3 Taking Pride in Being Black: Strategies of Composing an African-American Children’s Magazine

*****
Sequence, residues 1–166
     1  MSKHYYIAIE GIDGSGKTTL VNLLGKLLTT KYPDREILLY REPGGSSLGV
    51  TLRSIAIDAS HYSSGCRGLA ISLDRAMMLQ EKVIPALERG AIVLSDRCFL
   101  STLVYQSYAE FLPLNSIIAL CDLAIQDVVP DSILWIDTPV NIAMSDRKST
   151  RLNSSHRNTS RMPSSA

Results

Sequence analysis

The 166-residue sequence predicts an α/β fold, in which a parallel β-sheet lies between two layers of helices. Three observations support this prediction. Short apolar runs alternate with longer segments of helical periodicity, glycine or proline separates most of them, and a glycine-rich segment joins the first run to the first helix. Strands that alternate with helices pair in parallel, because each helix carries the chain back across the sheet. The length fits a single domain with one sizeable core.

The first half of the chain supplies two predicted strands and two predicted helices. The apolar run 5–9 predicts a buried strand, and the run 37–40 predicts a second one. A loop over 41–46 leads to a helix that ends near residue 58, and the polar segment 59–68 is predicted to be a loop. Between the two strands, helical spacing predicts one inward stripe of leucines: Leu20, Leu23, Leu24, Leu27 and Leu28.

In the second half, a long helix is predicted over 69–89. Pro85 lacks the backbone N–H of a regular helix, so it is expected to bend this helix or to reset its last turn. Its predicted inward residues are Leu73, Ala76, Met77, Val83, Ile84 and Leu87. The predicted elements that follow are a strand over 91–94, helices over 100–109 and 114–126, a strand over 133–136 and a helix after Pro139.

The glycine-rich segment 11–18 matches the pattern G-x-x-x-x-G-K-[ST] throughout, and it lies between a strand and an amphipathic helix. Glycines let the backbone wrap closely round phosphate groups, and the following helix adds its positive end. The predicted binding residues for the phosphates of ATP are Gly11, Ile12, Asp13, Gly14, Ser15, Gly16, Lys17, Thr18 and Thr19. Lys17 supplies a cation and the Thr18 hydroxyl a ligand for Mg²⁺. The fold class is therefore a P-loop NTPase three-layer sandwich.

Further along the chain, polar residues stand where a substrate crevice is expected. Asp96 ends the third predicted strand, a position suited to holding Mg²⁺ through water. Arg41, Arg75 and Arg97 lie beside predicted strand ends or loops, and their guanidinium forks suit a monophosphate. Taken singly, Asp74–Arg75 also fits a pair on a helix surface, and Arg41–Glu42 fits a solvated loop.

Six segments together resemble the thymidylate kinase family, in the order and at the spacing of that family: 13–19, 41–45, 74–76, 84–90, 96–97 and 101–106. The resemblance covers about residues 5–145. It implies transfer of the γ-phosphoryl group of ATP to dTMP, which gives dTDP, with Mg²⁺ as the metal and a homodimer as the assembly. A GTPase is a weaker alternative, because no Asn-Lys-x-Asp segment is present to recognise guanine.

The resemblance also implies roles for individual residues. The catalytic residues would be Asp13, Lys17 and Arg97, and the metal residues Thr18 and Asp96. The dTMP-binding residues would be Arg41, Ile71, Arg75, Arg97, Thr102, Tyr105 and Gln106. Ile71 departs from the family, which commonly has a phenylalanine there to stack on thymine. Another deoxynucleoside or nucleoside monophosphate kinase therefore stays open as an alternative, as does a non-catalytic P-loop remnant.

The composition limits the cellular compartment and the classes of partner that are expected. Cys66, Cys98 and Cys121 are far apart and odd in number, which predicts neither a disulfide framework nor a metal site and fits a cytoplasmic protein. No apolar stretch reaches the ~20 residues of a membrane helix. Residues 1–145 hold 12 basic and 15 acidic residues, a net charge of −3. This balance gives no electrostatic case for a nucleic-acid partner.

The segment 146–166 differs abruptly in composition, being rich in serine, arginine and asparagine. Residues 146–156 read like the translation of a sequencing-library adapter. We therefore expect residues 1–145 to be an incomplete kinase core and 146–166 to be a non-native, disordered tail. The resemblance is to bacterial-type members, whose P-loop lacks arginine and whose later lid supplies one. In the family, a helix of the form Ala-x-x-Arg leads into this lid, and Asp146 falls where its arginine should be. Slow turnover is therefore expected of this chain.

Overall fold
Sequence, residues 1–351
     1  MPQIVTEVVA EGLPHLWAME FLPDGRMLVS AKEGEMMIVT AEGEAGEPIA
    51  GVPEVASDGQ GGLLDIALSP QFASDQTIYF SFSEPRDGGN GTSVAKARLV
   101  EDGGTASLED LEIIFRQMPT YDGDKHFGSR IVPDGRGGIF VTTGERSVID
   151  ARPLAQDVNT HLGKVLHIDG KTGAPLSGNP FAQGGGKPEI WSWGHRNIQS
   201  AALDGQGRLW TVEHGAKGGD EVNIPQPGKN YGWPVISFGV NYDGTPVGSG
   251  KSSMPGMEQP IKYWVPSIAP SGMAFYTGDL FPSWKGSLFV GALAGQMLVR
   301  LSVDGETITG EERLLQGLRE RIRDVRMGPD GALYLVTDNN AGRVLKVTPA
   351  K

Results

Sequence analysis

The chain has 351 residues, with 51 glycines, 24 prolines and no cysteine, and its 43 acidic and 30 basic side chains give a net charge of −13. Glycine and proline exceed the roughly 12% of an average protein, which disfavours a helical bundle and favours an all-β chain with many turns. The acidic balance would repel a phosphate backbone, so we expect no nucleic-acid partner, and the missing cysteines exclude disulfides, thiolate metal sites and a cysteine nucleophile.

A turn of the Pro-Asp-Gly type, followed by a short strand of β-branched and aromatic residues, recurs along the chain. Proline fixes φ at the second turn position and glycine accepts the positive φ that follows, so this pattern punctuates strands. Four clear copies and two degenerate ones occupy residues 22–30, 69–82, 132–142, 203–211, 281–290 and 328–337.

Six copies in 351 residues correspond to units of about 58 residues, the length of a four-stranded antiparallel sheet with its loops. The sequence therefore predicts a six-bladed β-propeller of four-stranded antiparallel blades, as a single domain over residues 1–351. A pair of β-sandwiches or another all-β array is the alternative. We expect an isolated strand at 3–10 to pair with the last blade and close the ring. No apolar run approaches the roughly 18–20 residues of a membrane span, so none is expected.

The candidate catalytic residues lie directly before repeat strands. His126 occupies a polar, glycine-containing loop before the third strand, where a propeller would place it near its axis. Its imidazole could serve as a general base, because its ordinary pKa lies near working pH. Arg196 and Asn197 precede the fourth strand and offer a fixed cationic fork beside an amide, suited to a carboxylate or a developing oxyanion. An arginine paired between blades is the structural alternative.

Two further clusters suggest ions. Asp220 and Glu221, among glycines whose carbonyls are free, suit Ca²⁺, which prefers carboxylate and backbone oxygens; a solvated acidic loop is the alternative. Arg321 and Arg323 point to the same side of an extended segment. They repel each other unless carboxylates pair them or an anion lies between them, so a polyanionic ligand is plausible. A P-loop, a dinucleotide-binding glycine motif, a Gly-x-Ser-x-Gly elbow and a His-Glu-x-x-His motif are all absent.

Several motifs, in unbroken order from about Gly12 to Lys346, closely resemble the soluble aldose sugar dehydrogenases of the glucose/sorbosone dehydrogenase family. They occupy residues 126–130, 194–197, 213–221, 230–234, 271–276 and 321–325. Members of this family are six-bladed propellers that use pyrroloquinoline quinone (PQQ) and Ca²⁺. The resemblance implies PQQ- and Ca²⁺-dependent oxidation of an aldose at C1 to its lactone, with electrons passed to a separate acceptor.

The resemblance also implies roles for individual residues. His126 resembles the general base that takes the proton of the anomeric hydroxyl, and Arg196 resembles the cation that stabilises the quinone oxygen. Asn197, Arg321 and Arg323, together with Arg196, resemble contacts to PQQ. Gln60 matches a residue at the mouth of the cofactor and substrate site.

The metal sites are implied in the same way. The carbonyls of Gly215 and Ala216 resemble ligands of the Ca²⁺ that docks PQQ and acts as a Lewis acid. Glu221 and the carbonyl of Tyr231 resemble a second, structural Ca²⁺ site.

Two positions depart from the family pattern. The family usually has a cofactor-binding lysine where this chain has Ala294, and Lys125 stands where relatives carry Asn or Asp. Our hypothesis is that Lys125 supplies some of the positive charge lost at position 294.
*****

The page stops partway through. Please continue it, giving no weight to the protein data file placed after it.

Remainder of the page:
3.1 Combining Forces: The Brownies’ Book as Collective Venture Fiction is of great value to any people as a preserver of manners and customs – religious, political and social. It is a record of growth and development from generation to generation. No one will do this for us; we must ourselves develop the men and women who will faithfully portray the inmost thoughts and feelings of the Negro with all the fire and romance which lie dormant in our history, and, as yet, unrecognized by writers of the Anglo-Saxon race.195 To publish a magazine for black children had always been Du Bois’ dream, and even though he had to give up on his project after only two years, he singled it out as one of the “two efforts”196 which he had made in the early twentieth century towards which he looked back “with infinite satisfaction.”197 That he was proud of his publication for black children also becomes apparent in a letter which he wrote to Harvard University regarding the Thirtieth Anniversary Report of the class of 1890. There, he mentions specifically that he wants The Brownies’ Book to be included in his list of publications.198 Without doubt, the periodical has to be considered Du Bois’ brainchild, and the ideas and underlying philosophies sprang mostly from his mind. The fact that he established a publishing house especially for 195 Pauline E. Hopkins, preface, Contending Forces: A Romance Illustrative of Negro Life North and South, 1900, by Pauline E. Hopkins (Oxford:...
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